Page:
Please use this identifier to cite or link to this item: https://ahro.austin.org.au/austinjspui/handle/1/25391
Title: Defining the lowest threshold for amyloid-PET to predict future cognitive decline and amyloid accumulation.
Austin Authors: Farrell, Michelle E;Jiang, Shu;Schultz, Aaron P;Properzi, Michael J;Price, Julie C;Becker, J Alex;Jacobs, Heidi I L;Hanseeuw, Bernard J;Rentz, Dorene M;Villemagne, Victor L ;Papp, Kathryn V;Mormino, Elizabeth C;Betensky, Rebecca A;Johnson, Keith A;Sperling, Reisa A;Buckley, Rachel F
Affiliation: Department of Neurology, Massachusetts General Hospital, Harvard Medical School, Boston, MA, USA
Department of Biostatistics, Harvard T.H. Chan School of Public Health, Boston, MA, USA
Division of Public Health Sciences, Department of Surgery, Washington University School of Medicine in St. Louis
Department of Radiology, Massachusetts General Hospital, Harvard Medical School, Boston, MA, USA
Faculty of Health, Medicine and Life Sciences, School for Mental Health and Neuroscience, Alzheimer Centre Limburg, Maastricht University, Maastricht, the Netherlands
Cliniques Universitaires Saint-Luc, Université Catholique de Louvain, Brussels, Belgium
Center for Alzheimer Research and Treatment, Brigham and Womens Hospital, Boston, MA, USA
Molecular Imaging and Therapy
Department of Neuroscience, Stanford University, Palo Alto, CA, USA
Department of Biostatistics, Harvard T.H. Chan School of Public Health, Boston, MA, USA
Department of Biostatistics, New York University School of Global Public Health, New York, NY, USA
Melbourne School of Psychological Sciences, University of Melbourne, Melbourne, Australia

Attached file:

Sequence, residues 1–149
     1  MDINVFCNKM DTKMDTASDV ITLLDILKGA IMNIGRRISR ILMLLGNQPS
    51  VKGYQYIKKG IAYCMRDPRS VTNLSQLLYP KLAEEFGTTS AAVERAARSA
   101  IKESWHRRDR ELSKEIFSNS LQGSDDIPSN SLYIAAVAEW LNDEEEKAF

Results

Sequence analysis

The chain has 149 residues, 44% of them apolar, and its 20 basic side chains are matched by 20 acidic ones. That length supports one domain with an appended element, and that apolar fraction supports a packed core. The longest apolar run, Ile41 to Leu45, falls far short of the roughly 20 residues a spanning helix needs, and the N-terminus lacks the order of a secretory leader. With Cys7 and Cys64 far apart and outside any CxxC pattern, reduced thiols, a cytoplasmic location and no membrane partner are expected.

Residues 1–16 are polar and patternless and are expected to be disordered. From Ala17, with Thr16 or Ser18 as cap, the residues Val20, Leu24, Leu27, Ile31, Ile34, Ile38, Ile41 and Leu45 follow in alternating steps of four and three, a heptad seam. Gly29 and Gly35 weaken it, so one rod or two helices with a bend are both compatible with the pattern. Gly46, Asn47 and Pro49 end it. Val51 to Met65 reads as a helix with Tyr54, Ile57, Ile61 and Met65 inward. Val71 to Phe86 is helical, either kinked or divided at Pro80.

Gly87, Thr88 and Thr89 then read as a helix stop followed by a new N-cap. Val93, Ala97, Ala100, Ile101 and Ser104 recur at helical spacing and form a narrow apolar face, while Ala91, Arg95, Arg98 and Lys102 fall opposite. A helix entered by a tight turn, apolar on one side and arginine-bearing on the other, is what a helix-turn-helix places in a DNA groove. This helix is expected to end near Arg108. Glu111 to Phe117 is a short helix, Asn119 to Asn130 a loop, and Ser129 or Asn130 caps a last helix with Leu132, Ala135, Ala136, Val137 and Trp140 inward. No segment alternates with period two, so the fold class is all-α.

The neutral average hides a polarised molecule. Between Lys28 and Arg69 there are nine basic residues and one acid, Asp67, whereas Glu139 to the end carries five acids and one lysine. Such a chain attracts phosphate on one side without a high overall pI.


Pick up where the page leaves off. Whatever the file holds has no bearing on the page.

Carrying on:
Issue Date: Jan-2021
metadata.dc.date: 2020-11-16
Publication information: Neurology 2020; 96(4): e619-e631
Abstract: As clinical trials move towards earlier intervention, we sought to redefine the Aβ-PET threshold based on the lowest point in a baseline distribution that robustly predicts future Aβ accumulation and cognitive decline in 3 independent samples of clinically normal individuals. Sequential Aβ cut-offs were tested to identify the lowest cutoff associated with future change in cognition (PACC) and Aβ-PET in clinically-normal participants from the Harvard Aging Brain Study (n = 342), Australian Imaging, Biomarker and Lifestyle study of ageing (n = 157) and Alzheimer's Disease Neuroimaging Initiative (n = 356). Within sample, cutoffs derived from future Aβ-PET accumulation and PACC decline converged on the same inflection point beyond which trajectories diverged from normal. Across samples, optimal cutoffs fell within a short range (Centiloid 15-18.5). These optimized thresholds can help to inform future research and clinical trials targeting early Aβ. Threshold convergence raises the possibility of contemporaneous early changes in Aβ and cognition. This study provides Class II evidence that among clinically normal individuals a specific Aβ-PET threshold is predictive of cognitive decline.
URI: https://ahro.austin.org.au/austinjspui/handle/1/25391
DOI: 10.1212/WNL.0000000000011214
ORCID: 0000-0002-6318-9213
PubMed URL: 33199430
Type: Journal Article
Appears in Collections:Journal articles

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